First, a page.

Investigating the “illusion of time” hypothesis is an important part of the mindfulness process and I explore it in chapter 7 of my mindfulness book. In Sanskrit and in many Indian languages the word kaal (काल) means both time and death. Hence, Katha Upanishad (or Kathopanishad) which contains a dialogue between Nachiketa, an inquisitive boy and Yama, the God of death has been of interest to me. I had read the English translations a few times. Last year, I tried to read it in Sanskrit. I used the Sanskrit online dictionaries and also listened to 30 of 47 discourses by Swami Tejomayananda of Chinmay Mission last year. Here are my key takeaways from what I have read so far and what my understanding is of these verses. I am sure, like any art form, I might find new meanings and nuances when I read it again.
1. What is the state of the world?
अविद्यायामन्तरे वर्तमानाः स्वयं धीराः पण्डितं मन्यमानाः ।
दन्द्रम्यमाणाः परियन्ति मूढा अन्धेनैव नीयमाना यथान्धाः ॥ ५ ॥
avidyāyāmantare vartamānāḥ svayaṃ dhīrāḥ paṇḍitaṃ manyamānāḥ |
dandramyamāṇāḥ pariyanti mūḍhā andhenaiva nīyamānā yathāndhāḥ || 5 ||
Living in the middle of ignorance and regarding themselves as intelligent and learned, the ignorant go round and round, in many crooked ways, like the blind led by the blind.
2. Why is the world like this?
पराञ्चि खानि पराङ्पश्यति नान्तरात्मन् । (part of verse 2.1.1)
parāñci khāni parāṅpaśyati nāntarātman |
Sense organs are out-going. Therefore, one sees outside and not the atman within.
And the first line of the next verse (verse 2.1.2)
पराचः कामाननुयन्ति बालास्ते मृत्योर्यन्ति विततस्य पाशं ।
parācaḥ kāmānanuyanti bālāste mṛtyoryanti vitatasya pāśaṃ | (verse 2.1.2)
The ignorant pursue external objects of desire; they get into the meshes of widespread death.
3. What is futile?
Part of the verse 2.1.2 tells what is futile:
ध्रुवमध्रुवेष्विह न प्रार्थयन्ते
dhruvamadhruveṣviha na prārthayante
(Wise) do not wish for permanence from that which is impermanent.
4. What to do? (1)
आवृत्तचक्षुः (āvṛttacakśuh)i.e. Turn eyes (attention) inwards (Part of verse 2.1.1)
And observe that (verse 1.3.10)
इन्द्रियेभ्यः परा ह्यर्था अर्थेभ्यश्च परं मनः ।
मनसस्तु परा बुद्धिर्बुद्धेरात्मा महान्परः ॥ १० ॥
indriyebhyaḥ parā hyarthā arthebhyaśca paraṃ manaḥ |
manasastu parā buddhirbuddherātmā mahānparaḥ || 10 ||
Meaning is superior to the sense organs, underlying tendencies or beliefs are superior to the meaning, discerning intelligence (vivek-buddhi) is superior to the beliefs and underlying essence (atman) is superior to the intelligence.
5. What to do? (2)
उत्तिष्ठत जाग्रत प्राप्य वरान्निबोधत ।
क्षुरस्य धारा निशिता दुरत्यया दुर्गं पथस्तत्कवयो वदन्ति ॥ १४ ॥
uttiṣṭhata jāgrata prāpya varānnibodhata |
kśurasya dhārā niśitā duratyayā durgaṃ pathastatkavayo vadanti || 14 ||
Arise, awake; having reached the great, learn; the edge of a razor is sharp and impassable; that path, the wise say, is hard to go by.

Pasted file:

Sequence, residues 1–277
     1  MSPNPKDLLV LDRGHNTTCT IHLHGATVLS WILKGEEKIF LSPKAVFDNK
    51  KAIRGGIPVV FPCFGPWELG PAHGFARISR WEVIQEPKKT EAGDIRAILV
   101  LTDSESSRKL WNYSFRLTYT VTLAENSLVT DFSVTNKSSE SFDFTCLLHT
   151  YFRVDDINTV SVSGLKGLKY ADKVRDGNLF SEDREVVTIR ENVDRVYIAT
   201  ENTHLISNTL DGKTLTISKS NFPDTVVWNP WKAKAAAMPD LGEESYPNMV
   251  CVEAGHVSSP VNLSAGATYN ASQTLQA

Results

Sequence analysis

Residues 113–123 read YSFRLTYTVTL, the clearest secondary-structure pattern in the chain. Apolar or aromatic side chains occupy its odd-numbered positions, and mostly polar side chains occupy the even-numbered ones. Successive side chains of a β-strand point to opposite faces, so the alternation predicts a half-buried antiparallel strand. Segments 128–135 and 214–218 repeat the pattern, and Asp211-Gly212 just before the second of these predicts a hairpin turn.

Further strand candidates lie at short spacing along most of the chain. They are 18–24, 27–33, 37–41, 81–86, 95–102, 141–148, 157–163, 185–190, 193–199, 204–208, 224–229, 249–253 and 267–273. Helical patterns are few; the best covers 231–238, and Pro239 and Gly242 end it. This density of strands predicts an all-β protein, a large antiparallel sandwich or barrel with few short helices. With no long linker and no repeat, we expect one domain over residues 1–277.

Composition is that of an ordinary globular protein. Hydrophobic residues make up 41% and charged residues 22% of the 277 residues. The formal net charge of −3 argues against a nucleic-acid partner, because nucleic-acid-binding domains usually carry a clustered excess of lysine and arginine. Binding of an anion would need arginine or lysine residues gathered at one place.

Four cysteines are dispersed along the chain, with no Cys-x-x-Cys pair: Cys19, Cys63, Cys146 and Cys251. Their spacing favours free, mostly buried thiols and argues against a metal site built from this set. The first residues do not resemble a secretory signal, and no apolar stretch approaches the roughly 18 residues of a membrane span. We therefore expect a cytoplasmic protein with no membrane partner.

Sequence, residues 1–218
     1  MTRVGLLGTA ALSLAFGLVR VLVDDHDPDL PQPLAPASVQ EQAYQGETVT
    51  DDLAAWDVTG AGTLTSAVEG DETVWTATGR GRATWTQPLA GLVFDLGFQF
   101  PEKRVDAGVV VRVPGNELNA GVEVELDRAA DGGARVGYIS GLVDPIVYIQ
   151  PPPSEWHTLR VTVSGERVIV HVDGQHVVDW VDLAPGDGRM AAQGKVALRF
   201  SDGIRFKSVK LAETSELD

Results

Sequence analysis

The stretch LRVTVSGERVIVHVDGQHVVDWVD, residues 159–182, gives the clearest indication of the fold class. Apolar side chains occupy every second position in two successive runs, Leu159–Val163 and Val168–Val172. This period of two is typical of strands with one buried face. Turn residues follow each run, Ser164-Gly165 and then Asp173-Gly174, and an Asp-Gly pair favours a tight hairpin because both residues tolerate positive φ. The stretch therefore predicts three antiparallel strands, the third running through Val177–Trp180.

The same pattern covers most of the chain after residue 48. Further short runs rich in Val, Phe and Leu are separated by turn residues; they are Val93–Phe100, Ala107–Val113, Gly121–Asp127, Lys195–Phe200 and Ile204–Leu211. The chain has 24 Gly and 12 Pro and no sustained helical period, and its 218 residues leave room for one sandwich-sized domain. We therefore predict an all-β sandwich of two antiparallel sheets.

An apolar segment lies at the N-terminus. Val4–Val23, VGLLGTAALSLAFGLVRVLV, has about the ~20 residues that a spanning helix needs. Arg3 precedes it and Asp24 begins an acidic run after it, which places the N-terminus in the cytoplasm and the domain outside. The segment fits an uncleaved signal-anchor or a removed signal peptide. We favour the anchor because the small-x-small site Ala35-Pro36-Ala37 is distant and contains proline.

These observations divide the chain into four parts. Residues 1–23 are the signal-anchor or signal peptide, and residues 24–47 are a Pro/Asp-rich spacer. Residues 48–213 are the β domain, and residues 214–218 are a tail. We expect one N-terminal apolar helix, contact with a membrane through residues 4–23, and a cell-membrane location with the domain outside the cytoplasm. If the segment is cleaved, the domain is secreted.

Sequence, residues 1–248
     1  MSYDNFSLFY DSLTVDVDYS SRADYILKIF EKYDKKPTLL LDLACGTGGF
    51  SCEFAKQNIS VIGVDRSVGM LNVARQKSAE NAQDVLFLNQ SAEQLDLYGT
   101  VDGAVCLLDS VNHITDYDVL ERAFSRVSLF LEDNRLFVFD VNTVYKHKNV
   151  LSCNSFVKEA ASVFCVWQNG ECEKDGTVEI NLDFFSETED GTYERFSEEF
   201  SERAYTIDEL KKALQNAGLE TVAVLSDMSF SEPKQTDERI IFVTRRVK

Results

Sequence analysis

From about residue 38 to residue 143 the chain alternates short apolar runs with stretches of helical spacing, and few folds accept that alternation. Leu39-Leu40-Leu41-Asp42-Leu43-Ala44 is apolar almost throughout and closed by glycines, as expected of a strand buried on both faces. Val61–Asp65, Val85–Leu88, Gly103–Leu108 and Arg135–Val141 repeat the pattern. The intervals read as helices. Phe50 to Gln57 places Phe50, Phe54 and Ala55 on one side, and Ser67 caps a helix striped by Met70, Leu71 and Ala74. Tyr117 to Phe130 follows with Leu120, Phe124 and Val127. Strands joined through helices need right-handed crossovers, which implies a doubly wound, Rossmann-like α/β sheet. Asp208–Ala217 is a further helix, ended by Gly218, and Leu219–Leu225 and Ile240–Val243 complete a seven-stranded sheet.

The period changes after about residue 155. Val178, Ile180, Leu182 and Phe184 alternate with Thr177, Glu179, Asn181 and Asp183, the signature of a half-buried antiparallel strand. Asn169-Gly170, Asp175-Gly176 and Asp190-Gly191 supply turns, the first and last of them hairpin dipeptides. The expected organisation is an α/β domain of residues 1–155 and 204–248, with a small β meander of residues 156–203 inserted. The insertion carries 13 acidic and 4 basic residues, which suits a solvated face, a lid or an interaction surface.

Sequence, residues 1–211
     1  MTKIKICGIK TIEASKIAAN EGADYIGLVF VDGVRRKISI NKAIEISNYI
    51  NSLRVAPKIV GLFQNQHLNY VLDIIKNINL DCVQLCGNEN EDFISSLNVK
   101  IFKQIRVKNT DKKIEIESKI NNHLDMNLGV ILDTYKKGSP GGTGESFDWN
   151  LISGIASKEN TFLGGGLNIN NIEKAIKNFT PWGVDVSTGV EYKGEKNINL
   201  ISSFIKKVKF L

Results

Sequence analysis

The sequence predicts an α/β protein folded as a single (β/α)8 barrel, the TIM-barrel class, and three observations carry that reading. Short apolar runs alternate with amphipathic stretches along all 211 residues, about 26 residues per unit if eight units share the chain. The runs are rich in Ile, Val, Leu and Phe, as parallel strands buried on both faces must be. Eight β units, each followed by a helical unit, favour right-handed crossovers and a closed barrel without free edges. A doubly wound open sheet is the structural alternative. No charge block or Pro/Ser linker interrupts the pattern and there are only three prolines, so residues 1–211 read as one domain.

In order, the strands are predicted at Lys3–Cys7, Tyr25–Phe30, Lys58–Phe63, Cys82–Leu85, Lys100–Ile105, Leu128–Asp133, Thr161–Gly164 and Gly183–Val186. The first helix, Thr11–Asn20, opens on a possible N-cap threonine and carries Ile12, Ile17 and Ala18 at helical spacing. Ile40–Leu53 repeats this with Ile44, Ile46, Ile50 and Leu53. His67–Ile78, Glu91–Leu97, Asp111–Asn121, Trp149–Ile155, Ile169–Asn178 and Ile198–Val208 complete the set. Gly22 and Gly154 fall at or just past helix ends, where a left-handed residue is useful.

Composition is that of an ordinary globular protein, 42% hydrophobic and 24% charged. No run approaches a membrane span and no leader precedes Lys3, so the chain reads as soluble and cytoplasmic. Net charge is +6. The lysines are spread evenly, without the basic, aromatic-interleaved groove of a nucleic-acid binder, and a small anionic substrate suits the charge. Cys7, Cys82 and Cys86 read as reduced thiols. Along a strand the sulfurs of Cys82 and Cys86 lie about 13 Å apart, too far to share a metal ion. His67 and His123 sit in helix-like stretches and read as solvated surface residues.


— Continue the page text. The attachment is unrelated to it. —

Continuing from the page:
My summary: Wake up, are you pursuing only external objects? Are you leading a meaningless life? Are you wishing permanence in impermanent? Turn your attention inwards and watch the subtle movement of thought. Are you reactive all the time? Is there any discernment i.e. questioning of beliefs? Be alert and watch.
I like your summary.ReplyDelete
The Akshardham temple used to do a laser show in its open air theatre on the Yama - Nachiketa dialogue. The subject matter is the most well kept secret - Yama had not explained to anybody before or after this incident. Though we all know that everybody dies someday, our curiosity about what is death, what happens after death etc is quite low. But Nachiketa was super curious - event though Yama offered many other gifts, N said that he wants answers for his questions and nothing else.It is this kind of intense curiosity to know about death that triggered young Ramana Maharishi to simulate death and observe what happens.ReplyDelete
Thanks for sharing this, Shankar.ReplyDelete
What will wake youn up is the key point in the whole story. I am generally lost in my illusionsn and ignnorance, living my routine life with pleasure and pain. And man has been living with these illusions andReplyDelete
ignorance for centuries after centuries in spite of such scriptures and enlightened Rishis like Raman Maharshi and others. Why?
Good question, Baba. I can only look at myself and learn to turn attention inwards. Learn to recognize wasteful thinking and self-deception. What else?Delete
Baba, I feel the reason proposed by Kathopanishad on why the world is like this and not learning is pretty good. The sense organs are outward facing and hence turning attention inward is not natural. Once one sees that perception is largely coming from internal model (beliefs), question of why is the world like this subsides.Delete
From the evolutionary biology stand point , any organ has evolved for the betterment of the species. It provokes a thought "what if", there is evolved internal sense organ which would have immensely helped the species to navigate the lifeReplyDelete
Excellent question, Srinivas. Looks like attention has the capacity to turn inward and watch the movement of thought. Neuroscientists like Catherine Kerr and Neuropsychiatrists like Iain McGilchrist (book: The Master and his emissary) say that the thought process grabs all the attention and in fact inhibits signals from body as well as outside. McGilchrist says that the ability to sense the wholeness is in the right hemisphere (RH) and over a period the connections between the LH to RH have shrunk and become primarily inhibitory. That is, LH tells RH, "I know it, don't interfere". LH begins to treat the map as the territory. As Katha Upanishad says, turning the attention inward is important.Delete
This is another interesting found of yours Vinay..ReplyDelete
Thanks for sharing